BRITS BLITZ: Ed Sheeran The Biggest-Selling Artist In Australia Last Year, But What Makes A British Artist Triumph Down Under?

When asked to name a current British star – male or female – winning Down Under, who are the three names that immediately come to your mind?

Should any proof be required of Ed Sheeran’s transnational appeal, we need look no further, or in fact as far away as, what’s happening on the hit parade Down Under. From the stats on offer, it seems our British boy wonder has ‘taken’ Australia and some.

This week, Huffington Post UK Entertainment are celebrating those home-grown talents in music, film and TV who’ve seen their names go up in lights far beyond our native shores.

We’ve spoken to ‘Star Trek’ star Simon Pegg about why Hollywood’s door is always open to British actors, and we’ve highlighted those homegrown stars we think deserve a bigger stage.

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The Yorkshire-born singer-songwriter had Australia’s biggest-selling album of 2014, has completed a sell-out arena tour already in 2015, and will be returning for stadium duty before the end of the year. More significantly, he’ll be the first act to play stadiums as a solo act, with no band.

Ed Sheeran might make it look easy, but he's actually worked very, very hard for Australian success

How’s he done it? I spoke to News Limited’s music writer Cameron Adams, who credits Ed’s success to a family-friendly appeal, and a knock-em-dead work ethic.

“He does way more interviews than he needs to, is more interesting than most pop stars, and has widened his appeal from kids to their parents as well,” says Cameron.

“He's even filmed a cameo in 'Home and Away' and played the AFL Grand Final with Tom Jones last year. The next tour will be his sixth visit here on two albums, which is impressive considering he's in demand all over the world.”

Florence and the Machine are enjoying similar rewards for their efforts in the small clubs and arenas across the vast continent, selling an impressive 15,000 copies of their new album in the first week of release, and preparing to headline one of Melbourne’s premier music festivals, Splendour in the Grass, soon after their Glastonbury duties back here.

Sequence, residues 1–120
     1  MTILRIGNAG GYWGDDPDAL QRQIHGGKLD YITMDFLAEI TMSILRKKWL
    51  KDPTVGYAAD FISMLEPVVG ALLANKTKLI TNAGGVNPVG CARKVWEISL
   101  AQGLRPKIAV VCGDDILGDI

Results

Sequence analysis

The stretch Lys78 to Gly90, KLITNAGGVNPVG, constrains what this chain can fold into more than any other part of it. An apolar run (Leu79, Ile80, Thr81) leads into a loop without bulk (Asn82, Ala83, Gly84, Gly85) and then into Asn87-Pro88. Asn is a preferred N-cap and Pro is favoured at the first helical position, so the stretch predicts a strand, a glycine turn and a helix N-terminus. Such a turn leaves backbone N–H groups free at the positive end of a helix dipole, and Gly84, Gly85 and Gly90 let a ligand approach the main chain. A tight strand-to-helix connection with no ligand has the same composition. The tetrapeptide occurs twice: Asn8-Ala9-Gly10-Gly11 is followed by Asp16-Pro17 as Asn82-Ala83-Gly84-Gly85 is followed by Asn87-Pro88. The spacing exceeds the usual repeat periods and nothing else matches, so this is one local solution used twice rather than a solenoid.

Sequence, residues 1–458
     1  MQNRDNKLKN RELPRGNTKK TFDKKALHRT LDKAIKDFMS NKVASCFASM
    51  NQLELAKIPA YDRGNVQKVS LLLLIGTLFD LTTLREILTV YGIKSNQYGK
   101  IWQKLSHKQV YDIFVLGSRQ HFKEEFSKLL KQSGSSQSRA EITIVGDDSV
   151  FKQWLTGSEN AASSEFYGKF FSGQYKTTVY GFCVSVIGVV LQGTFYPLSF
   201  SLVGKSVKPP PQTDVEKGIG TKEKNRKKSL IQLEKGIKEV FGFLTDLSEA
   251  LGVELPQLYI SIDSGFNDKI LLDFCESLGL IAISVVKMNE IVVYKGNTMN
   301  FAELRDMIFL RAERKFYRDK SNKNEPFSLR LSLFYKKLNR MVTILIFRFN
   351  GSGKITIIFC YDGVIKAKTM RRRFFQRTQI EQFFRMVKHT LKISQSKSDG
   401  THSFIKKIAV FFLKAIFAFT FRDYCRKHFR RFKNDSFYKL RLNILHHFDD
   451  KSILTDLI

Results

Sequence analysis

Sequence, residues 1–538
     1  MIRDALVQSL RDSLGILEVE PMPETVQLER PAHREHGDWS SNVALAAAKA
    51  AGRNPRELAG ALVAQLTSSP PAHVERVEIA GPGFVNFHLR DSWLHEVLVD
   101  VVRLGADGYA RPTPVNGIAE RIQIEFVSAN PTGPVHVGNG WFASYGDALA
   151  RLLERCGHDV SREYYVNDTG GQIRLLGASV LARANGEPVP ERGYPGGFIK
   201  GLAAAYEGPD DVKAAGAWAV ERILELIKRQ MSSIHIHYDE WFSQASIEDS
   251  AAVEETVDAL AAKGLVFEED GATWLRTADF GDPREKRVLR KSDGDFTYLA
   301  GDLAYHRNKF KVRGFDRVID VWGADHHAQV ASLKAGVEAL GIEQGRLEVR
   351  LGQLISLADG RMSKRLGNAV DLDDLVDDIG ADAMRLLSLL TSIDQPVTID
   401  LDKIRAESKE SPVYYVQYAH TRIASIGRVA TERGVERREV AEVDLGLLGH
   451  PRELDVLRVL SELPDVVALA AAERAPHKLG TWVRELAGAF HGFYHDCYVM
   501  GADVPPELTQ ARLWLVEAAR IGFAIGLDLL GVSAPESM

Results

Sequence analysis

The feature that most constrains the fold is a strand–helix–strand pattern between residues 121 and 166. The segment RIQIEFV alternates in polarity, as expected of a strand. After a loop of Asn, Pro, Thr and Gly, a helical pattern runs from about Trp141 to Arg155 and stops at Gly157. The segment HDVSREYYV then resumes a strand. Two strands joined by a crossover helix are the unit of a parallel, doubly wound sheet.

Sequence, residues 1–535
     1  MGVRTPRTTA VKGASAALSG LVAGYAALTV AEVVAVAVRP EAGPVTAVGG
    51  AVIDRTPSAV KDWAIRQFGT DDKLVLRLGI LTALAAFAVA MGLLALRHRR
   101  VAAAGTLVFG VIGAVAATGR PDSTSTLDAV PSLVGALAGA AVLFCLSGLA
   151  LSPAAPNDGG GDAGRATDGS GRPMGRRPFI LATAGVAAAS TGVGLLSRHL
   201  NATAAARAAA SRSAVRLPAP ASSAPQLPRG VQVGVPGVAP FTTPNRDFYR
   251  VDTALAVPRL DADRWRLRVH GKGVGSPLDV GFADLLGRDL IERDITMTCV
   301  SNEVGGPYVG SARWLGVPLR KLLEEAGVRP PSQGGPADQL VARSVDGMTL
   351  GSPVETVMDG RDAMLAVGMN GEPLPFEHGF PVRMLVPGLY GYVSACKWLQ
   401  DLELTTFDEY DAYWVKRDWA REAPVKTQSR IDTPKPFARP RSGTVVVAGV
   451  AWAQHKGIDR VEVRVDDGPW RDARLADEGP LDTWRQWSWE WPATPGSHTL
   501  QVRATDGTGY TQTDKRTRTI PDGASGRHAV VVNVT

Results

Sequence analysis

It’s not just them cleaning up Down Under. Sam Smith has done there what he’s done in the US, with fewer gigs tan Ed but just as much of an enthusiastic trip.

“He was in Sydney when he found out about his vocal hemorrhage,” reports Cameron, “but won over a lot of local fans by coming here for a holiday over NYE and posting a lot of photos on social media.”

For some reason, Girls Aloud's clever, quirky pop didn't take off...

How have they done it? Well, for one thing, according to Cameron, Australian fans will always reward the efforts of British artists to make the journey – “We know how far away we are from the rest of the world.”

He cites the stamina of Robbie Williams, one of the biggest British sellers of the past 15 years in Australia, quite the opposite of how he famously lacked to land in the US. There was no Take That legacy for Robbie to build on, either – ‘Back for Good’ was their only hit in Australia – and his own anthem ‘Angels’ peaked at number 40. But Robbie was unbroken…

“Robbie Williams was a huge, huge star when he first came to Australia to work ‘Angels’. And because Take That weren't that big nobody cared about him,” remembers Cameron. “Luckily he just took the piss in interviews because he knew he was starting again.

“It wasn't until Rock DJ that he had a major hit,” he adds. “Then it was like instant conversion and his Greatest Hits album sold over half a million copies and there's close to two million when you factor in singles, albums, DVDs. And no one still cares about Take That here.

... but the Aussies took Lily Allen and Robbie Williams to their hearts

“Robbie is definitely one of the most popular British acts here, he played stadiums which is very rare for a British pop act.” (Exhibit A is Adele, as usual bucking the trend with a million copies of ‘21’ sold in Australia, and not a tour date ever in the calendar.)